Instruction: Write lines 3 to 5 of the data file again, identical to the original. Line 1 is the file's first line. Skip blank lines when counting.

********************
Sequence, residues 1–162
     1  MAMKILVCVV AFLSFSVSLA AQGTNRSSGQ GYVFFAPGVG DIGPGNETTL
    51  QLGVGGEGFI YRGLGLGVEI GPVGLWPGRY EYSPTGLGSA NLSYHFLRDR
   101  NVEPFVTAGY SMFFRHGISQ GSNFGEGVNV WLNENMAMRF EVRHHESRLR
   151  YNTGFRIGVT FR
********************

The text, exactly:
    51  QLGVGGEGFI YRGLGLGVEI GPVGLWPGRY EYSPTGLGSA NLSYHFLRDR
   101  NVEPFVTAGY SMFFRHGISQ GSNFGEGVNV WLNENMAMRF EVRHHESRLR
   151  YNTGFRIGVT FR